Academy boss wants to put QPR among country’s elite
PUBLISHED: 12:00 14 August 2013
QPR’s new head of academy Richard Allen has grand ambitions for the club’s next generation – and for the first time in 15 years Rangers can finally provide significant evidence of progress.
Earlier this summer, QPR’s academy underwent a rigorous independent audit following the implementation of the Elite Player Performance Plan [EPPP], a scheme introduced by the Premier League to change the culture of youth football in England.
Allen, who arrived at QPR from Tottenham Hotspur less than six months ago, led preparations for the audit, and the result was the club’s recommendation for category two status – the second-highest category possible under the new restructuring.
It is 15 long years since midfielder Richard Langley became the last QPR youth player to break into and then hold down a place in the first team – but now, Allen hopes, the club may finally be on the verge of restarting their once rich production line.
“I can’t think of many clubs which had a centre of excellence which achieved category two status,” said Allen. “The gap was huge in terms of spend, and going from a staff of five or six to 25. That’s full-time staff, and on top of that you probably have another 25 part-timers.”
Allen’s target now is to take QPR up to category one, which would see their Under-18s and Under-21s competing against the best sides in the country – the likes of Manchester United, Arsenal, Chelsea and Tottenham. Key to that hope is the new £30million training ground at Warren Farm, the plans for which were recently approved by Ealing Council.
“We still fall short of category one status. Our biggest issue at the moment is that we’re operating out of three different sites,” added Allen, whose Under-18s play at the Concorde Club in west London, Under-11s play at Hayes & Yeading Football Club and Under-12s to Under-16s play at Harlington training ground. “One of the stipulations for category one is that you are all under one roof, your own facility. That is where Warren Farm comes in.”
Allen spent eight years working in Tottenham’s recruitment department before he joined QPR, and as a result had plenty of exposure to their academy, which is now category one and based at the club’s 77-acre state-of-the-art training ground in Enfield.
Widely recognised as one of the best facilities in Europe, it is a set-up which Allen wants to replicate.
“In terms of facilities that is certainly the benchmark,” he said. “We possibly can’t quite match it for size at Warren Farm, but when I look at the plans and designs I can see that Warren Farm will be fantastic. It will be right up there with the top academies in the country.”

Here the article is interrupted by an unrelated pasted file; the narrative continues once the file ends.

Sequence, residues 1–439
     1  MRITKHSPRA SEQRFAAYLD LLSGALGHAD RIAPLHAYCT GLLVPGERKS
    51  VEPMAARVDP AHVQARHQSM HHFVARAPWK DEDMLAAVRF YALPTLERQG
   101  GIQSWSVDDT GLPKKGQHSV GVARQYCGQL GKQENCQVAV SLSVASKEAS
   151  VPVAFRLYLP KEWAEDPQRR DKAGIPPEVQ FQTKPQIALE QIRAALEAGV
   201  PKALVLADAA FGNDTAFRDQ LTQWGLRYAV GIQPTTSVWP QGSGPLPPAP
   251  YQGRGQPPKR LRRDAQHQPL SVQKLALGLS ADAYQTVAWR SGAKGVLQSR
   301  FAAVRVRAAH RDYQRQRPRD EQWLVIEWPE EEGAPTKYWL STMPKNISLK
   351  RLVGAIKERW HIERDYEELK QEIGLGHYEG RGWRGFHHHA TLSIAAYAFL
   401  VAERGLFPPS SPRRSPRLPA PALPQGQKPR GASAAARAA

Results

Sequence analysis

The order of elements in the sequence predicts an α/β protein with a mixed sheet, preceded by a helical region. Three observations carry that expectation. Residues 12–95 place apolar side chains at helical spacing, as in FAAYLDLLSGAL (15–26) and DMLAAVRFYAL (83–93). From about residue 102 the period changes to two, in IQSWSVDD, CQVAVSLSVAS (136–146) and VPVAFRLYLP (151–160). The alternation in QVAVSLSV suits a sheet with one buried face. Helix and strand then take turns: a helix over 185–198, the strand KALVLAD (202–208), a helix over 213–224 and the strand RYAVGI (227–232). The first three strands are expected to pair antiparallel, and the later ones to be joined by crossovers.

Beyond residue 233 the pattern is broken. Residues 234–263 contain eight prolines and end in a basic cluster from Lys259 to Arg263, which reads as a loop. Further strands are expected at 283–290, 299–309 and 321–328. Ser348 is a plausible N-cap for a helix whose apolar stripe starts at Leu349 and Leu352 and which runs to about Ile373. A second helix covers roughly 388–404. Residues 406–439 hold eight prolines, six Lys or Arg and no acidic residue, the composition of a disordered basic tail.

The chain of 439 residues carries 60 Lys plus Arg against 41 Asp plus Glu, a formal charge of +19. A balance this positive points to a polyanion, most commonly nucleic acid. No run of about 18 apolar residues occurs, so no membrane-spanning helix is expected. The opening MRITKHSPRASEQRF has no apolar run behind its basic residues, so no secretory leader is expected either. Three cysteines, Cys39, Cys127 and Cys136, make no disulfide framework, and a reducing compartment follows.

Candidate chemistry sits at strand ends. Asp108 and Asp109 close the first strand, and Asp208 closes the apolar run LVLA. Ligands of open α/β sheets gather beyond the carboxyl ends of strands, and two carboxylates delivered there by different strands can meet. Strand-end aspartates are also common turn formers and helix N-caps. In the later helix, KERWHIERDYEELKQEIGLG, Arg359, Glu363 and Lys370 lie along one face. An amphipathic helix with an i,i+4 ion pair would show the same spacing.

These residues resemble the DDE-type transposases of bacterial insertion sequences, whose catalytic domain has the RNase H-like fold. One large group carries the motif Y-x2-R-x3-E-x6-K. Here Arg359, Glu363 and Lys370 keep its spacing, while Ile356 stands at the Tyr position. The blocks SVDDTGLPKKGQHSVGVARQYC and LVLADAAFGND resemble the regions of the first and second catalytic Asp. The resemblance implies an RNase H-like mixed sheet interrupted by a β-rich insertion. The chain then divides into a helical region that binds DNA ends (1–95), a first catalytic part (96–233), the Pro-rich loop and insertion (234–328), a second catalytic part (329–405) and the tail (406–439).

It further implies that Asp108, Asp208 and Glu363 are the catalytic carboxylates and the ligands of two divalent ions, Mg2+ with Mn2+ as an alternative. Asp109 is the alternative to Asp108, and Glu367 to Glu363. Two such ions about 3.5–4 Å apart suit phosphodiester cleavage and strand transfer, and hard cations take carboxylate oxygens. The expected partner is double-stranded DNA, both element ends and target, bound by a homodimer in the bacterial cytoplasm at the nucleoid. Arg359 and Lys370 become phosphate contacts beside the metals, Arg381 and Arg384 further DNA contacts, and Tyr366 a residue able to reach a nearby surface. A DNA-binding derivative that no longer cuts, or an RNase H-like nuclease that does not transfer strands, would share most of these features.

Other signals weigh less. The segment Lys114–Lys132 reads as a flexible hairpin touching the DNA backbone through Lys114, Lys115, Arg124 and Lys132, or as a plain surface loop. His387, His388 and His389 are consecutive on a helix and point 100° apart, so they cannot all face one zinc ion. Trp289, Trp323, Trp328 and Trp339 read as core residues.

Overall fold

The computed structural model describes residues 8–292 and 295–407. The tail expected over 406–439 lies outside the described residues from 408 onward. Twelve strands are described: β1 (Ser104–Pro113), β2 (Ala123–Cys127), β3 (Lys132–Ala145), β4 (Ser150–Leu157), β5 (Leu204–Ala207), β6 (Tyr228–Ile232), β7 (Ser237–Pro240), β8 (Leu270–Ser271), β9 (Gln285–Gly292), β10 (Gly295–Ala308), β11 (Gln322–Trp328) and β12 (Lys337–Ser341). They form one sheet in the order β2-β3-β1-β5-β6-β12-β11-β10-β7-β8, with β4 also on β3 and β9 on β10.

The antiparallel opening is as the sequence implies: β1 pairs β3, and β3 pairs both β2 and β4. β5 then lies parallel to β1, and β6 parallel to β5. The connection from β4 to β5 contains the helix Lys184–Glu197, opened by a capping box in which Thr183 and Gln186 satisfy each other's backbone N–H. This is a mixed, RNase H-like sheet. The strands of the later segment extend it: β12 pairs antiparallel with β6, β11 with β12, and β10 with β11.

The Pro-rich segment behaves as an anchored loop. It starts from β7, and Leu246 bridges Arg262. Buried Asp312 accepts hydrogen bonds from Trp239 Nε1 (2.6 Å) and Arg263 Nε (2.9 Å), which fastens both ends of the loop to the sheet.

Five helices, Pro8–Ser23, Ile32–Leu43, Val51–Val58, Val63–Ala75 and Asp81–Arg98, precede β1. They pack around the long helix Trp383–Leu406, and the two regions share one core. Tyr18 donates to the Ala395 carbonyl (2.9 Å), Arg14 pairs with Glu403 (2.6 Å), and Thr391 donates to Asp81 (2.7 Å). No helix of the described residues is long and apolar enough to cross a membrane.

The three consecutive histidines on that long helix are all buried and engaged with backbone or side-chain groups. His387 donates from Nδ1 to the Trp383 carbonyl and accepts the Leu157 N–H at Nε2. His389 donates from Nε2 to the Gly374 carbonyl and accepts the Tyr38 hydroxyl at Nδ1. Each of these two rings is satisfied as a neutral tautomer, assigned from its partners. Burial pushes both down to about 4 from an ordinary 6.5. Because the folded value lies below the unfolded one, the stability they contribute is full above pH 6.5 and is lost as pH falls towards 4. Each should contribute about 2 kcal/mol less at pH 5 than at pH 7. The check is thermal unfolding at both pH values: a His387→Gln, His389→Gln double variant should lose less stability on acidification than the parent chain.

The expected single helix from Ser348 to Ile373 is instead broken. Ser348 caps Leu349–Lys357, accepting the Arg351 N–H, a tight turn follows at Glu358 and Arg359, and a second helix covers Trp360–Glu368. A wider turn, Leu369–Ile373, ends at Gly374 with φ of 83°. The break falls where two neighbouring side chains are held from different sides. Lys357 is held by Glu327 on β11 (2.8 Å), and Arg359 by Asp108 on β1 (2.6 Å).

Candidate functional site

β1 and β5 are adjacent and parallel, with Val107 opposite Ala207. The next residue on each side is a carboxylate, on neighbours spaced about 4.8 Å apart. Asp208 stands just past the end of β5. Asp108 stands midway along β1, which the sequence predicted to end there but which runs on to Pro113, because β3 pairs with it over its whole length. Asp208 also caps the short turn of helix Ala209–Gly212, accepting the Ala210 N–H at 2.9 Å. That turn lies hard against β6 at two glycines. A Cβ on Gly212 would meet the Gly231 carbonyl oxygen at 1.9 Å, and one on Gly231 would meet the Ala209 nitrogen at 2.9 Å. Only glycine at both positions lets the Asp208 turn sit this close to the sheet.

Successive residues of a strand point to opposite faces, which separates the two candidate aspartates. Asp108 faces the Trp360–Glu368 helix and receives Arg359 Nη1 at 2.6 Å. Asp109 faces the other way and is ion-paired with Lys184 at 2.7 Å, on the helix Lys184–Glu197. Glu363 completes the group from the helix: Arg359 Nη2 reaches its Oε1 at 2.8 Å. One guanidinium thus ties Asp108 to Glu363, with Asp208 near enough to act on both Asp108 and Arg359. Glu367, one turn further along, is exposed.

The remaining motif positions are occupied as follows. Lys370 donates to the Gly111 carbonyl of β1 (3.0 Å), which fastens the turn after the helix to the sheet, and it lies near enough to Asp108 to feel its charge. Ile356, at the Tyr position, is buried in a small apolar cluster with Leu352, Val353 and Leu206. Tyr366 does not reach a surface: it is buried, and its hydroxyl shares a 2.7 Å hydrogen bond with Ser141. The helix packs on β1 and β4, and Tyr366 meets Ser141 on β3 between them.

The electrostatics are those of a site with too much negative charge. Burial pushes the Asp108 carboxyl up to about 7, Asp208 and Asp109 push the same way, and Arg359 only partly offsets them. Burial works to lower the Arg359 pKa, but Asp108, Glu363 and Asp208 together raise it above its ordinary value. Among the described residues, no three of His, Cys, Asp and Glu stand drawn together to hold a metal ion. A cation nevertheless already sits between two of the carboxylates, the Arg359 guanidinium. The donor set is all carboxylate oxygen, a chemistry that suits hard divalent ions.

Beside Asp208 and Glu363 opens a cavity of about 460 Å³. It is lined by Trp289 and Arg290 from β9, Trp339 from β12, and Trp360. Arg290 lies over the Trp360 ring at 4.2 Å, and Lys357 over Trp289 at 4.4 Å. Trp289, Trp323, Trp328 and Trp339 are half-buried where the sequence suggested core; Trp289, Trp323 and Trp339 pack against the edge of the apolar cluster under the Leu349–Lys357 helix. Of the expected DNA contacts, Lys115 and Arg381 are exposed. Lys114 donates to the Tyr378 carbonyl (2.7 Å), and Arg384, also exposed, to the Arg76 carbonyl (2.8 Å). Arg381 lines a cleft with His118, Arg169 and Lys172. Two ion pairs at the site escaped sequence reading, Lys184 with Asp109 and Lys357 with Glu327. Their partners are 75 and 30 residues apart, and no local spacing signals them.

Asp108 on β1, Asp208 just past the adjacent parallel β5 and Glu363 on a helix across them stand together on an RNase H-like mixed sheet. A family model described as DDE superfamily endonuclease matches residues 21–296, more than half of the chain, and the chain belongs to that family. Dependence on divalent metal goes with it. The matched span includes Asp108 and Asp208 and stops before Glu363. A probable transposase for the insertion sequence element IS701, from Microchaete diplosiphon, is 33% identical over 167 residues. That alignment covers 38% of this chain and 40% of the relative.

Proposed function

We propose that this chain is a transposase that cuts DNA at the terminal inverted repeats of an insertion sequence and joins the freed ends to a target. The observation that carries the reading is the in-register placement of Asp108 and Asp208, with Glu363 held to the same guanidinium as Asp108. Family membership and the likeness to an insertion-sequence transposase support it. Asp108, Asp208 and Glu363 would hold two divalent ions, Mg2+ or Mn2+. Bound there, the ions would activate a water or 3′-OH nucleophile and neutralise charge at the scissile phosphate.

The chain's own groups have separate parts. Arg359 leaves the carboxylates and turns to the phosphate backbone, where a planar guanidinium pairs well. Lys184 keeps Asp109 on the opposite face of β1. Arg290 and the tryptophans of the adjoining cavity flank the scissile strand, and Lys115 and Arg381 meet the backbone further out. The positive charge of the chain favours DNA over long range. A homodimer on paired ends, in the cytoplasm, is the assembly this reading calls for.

The comparison with Tottenham is an ambitious one, but Allen knows that the Lilywhites’ production of youngsters is the example which others must follow.
That could involve QPR’s academy producing players for their own first team, but equally – and in Allen’s view just as importantly – it could see players regularly loaned out in order to aid their development, moves which are not always greeted positively by supporters.
“Tottenham have got some fantastic young players – Tom Carroll, Andros Townsend, Harry Kane. There is a long list of players who get into the first team,” added Allen. “But that did not happen overnight. It was a 10-year programme to get to the point where the club were producing the right sort of players, often by loaning them to the right clubs.
“QPR developed Andros Townsend. Is he now ready for the first team? Arguably he will get the chance, particularly if Gareth Bale goes. Steven Caulker went to Yeovil, Bristol City and Swansea, realised he maybe would not get too many games and has moved to Cardiff.
“They have all been successful and if we can mirror some of that – not be Tottenham, we want to retain our identity – but you have to look at that example and replicate what they got right.”
QPR have players on the fringes of the side, with Michael Harriman, Frankie Sutherland and Max Ehmer having all had a taste of first-team football, but who are all more likely to spend much of the season on loan.
Allen is happy with that eventuality, arguing that the academy’s mission is not necessarily to produce players for their own first team, but rather to turn out players of Premier League standard with a strong sell-on value.
“When Michael Harriman played against Liverpool last season he did alright. It is still hard for him to stay in the team so the right thing to do was to get him out on loan again.
“He’s gone off to Gillingham, and that’s what he needs, to play real football in front of a crowd, to develop him so that when he comes back he is ready to come and play in our first team.
“The same with Frankie, we have got to look at his individual programme. Not everyone can get into our first team. So if he can’t, where does he go next?
“Arsenal, for example, have got the reputation of having a fantastic academy, but I would argue that what they really best at is producing Premier League footballers and selling them on to other clubs.
“Apart from Jack Wilshere and Kieran Gibbs, no-one has had a sniff for years. They supply players to Bolton, Stoke and Wigan, they make an awful lot of money and they have players out there playing at the top level.”